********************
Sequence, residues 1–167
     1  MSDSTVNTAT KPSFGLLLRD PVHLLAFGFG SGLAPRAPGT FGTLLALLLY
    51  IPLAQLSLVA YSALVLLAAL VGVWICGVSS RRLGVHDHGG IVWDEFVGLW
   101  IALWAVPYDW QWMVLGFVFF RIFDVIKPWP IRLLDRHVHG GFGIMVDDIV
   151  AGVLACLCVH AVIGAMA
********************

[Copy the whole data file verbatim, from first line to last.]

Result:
Sequence, residues 1–167
     1  MSDSTVNTAT KPSFGLLLRD PVHLLAFGFG SGLAPRAPGT FGTLLALLLY
    51  IPLAQLSLVA YSALVLLAAL VGVWICGVSS RRLGVHDHGG IVWDEFVGLW
   101  IALWAVPYDW QWMVLGFVFF RIFDVIKPWP IRLLDRHVHG GFGIMVDDIV
   151  AGVLACLCVH AVIGAMA